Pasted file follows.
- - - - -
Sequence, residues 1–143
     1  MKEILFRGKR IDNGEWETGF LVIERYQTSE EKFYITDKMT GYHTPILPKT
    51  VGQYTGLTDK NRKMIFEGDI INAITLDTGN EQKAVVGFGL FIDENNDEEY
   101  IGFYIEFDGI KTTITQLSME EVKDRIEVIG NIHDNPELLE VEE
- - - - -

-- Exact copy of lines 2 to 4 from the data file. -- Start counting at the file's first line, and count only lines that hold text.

     1  MKEILFRGKR IDNGEWETGF LVIERYQTSE EKFYITDKMT GYHTPILPKT
    51  VGQYTGLTDK NRKMIFEGDI INAITLDTGN EQKAVVGFGL FIDENNDEEY
   101  IGFYIEFDGI KTTITQLSME EVKDRIEVIG NIHDNPELLE VEE